The Short Answer
Theoretically, all devices that meet Android's minimum requirements can run Android, it's just a matter of customizing Android for the device.
The Long Answer
While Android is open source and can be modified to suit many devices, firmware and hardware drivers are most often not made readily available -- especially not the source code. Android won't run on a device without drivers for that specific device, so this means that you can't simply compile the code for Android and run it on your phone.
Android is a very different operating system than other phone platforms; Android and Windows Phone 7, for example, are just as different as Ubuntu and Windows 7 for the PC. This means that even if you have WP7 drivers for your device, those drivers won't work on Android. You'll have to modify those drivers to be compatible with Android, and you may need to reverse-engineer a lot of code. This is very difficult and time-consuming, and sometimes even a team of people have little success with it. Even getting a new version of Android to run on an Android phone can be hard.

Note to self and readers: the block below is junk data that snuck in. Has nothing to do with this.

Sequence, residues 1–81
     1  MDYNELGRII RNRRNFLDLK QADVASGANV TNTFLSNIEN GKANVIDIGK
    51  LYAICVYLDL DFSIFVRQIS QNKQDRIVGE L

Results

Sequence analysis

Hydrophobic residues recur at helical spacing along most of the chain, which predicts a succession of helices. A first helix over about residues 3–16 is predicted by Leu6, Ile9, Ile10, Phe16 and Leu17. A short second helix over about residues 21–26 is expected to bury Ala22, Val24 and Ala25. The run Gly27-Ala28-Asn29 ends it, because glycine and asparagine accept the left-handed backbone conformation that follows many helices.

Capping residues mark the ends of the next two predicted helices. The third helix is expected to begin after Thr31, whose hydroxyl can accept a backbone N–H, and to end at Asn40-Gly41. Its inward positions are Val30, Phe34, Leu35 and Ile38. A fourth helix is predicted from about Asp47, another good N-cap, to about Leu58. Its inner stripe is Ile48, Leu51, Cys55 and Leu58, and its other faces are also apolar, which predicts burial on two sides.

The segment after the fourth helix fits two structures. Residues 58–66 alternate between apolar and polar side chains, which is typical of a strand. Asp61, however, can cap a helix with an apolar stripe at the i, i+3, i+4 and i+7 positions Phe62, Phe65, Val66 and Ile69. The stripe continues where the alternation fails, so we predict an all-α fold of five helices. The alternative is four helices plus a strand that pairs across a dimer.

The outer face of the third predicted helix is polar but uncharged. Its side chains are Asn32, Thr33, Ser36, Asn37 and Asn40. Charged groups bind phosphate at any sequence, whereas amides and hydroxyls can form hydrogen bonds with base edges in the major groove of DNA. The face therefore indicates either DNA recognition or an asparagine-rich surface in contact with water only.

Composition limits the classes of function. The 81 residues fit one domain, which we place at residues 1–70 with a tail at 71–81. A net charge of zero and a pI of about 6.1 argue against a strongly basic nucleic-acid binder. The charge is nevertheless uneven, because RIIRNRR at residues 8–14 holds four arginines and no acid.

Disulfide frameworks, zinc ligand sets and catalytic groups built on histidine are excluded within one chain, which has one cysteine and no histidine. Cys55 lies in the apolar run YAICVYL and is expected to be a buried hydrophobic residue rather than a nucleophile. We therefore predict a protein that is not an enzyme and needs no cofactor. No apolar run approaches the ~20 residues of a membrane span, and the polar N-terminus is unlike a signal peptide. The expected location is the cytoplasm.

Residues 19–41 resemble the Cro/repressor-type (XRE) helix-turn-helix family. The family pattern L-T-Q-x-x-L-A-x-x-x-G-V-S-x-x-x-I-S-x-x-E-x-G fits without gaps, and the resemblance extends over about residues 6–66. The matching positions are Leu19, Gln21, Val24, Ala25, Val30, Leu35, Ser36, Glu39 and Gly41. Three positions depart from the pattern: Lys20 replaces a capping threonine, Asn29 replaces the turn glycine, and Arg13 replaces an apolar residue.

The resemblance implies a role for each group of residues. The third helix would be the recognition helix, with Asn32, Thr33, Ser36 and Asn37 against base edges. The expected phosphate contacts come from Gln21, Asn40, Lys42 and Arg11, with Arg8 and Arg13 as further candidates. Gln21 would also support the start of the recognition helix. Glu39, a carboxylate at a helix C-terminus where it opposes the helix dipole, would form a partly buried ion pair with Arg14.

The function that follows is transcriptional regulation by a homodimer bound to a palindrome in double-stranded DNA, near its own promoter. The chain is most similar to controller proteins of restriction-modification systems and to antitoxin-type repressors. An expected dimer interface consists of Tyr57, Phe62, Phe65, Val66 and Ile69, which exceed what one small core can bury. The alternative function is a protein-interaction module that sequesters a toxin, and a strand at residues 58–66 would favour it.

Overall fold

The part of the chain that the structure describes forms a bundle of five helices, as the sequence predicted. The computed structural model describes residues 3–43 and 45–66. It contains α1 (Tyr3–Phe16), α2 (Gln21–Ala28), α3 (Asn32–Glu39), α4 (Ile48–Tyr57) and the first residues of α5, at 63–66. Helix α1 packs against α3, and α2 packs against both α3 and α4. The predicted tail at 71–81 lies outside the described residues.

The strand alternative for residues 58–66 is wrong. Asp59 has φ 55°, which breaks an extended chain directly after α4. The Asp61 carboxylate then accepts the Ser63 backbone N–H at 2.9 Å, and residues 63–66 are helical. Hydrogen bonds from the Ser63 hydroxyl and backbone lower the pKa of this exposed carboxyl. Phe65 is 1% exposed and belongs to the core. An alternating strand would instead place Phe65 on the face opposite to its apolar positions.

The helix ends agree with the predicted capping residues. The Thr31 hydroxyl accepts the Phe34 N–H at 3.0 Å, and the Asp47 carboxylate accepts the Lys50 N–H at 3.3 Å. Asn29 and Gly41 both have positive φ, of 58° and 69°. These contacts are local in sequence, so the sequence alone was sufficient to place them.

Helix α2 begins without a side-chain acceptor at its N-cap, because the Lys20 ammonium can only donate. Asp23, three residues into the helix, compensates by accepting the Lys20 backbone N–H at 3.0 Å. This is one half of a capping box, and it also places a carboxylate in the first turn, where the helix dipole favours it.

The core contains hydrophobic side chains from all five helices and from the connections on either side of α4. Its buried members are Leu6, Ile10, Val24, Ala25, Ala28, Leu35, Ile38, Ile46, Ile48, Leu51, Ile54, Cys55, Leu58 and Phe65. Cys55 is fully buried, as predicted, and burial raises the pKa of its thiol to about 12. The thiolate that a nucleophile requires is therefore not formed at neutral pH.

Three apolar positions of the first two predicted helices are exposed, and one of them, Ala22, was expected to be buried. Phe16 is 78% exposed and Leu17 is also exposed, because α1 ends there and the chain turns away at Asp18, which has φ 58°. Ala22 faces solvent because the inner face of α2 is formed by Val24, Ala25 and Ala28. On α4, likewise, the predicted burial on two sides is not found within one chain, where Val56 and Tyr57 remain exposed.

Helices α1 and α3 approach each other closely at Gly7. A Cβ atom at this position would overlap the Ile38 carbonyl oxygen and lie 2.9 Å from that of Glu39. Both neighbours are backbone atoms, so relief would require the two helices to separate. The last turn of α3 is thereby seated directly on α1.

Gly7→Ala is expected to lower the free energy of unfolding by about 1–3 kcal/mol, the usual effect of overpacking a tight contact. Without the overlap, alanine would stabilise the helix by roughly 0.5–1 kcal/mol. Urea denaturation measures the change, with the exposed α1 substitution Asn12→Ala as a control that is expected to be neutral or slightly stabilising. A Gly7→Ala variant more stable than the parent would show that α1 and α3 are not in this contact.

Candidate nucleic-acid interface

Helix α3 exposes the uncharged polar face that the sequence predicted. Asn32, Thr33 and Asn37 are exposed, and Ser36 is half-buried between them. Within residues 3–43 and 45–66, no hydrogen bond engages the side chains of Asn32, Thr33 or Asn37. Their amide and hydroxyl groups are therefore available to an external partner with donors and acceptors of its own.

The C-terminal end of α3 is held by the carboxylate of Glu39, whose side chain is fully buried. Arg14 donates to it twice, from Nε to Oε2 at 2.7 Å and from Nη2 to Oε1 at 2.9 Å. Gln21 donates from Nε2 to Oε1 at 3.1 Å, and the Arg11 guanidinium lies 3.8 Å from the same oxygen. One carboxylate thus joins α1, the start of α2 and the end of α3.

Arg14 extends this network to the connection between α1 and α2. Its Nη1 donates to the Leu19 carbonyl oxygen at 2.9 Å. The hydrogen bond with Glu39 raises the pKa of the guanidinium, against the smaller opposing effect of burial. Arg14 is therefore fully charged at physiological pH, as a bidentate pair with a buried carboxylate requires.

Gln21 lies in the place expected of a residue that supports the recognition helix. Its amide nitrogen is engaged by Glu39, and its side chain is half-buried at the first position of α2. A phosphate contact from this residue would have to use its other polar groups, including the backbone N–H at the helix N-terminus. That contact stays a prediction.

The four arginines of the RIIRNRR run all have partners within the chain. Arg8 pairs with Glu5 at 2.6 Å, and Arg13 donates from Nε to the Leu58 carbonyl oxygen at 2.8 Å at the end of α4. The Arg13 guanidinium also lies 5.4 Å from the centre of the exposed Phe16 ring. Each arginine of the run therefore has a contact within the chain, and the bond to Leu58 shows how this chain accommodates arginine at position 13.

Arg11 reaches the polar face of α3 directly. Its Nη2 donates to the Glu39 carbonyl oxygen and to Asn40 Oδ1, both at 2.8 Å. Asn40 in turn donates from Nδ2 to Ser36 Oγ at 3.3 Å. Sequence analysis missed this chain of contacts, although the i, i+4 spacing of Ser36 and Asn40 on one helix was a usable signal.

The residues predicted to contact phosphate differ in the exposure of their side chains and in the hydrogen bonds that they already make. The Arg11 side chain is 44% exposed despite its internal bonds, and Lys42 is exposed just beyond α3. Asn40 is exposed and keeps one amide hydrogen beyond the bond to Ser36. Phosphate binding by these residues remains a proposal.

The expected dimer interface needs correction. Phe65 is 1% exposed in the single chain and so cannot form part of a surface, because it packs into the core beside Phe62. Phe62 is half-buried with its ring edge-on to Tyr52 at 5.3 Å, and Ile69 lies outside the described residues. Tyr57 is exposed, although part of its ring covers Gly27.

The upside is that many phone manufacturers are now putting out versions of the same device with different operating systems. One example is the WP7 HTC HD2, which is very similar to the Android HTC Desire Z. The Desire Z ROM only requires slight modification to run on the HD2.
Android ROMs/projects for non-Android Phones
Various developers have gone through the effort of creating an Android ROM that can be installed on other devices, or have started to do so.
For more details have a look at this answer